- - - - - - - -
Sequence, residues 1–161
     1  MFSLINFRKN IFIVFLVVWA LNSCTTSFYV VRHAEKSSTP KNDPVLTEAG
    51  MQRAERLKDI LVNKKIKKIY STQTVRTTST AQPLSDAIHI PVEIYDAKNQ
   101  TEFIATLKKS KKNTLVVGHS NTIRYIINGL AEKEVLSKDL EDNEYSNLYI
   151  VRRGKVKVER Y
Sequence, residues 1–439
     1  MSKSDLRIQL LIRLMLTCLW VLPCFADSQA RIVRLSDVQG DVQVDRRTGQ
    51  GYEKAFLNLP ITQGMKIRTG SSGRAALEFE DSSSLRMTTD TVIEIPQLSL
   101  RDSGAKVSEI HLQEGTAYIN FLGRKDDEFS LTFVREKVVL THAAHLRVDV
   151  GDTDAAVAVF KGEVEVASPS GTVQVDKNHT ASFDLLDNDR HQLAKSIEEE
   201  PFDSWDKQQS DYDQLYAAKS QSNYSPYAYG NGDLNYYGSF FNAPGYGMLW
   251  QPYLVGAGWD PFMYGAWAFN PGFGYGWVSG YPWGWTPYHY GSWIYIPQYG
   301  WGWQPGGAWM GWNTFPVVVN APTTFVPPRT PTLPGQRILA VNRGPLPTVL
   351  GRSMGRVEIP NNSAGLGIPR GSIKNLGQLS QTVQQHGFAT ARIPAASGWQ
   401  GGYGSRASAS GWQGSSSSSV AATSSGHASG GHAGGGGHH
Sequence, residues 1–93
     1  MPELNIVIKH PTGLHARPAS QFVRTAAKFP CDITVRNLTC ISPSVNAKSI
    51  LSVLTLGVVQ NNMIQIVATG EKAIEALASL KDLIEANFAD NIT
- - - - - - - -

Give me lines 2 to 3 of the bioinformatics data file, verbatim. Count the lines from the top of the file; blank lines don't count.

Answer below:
     1  MFSLINFRKN IFIVFLVVWA LNSCTTSFYV VRHAEKSSTP KNDPVLTEAG
    51  MQRAERLKDI LVNKKIKKIY STQTVRTTST AQPLSDAIHI PVEIYDAKNQ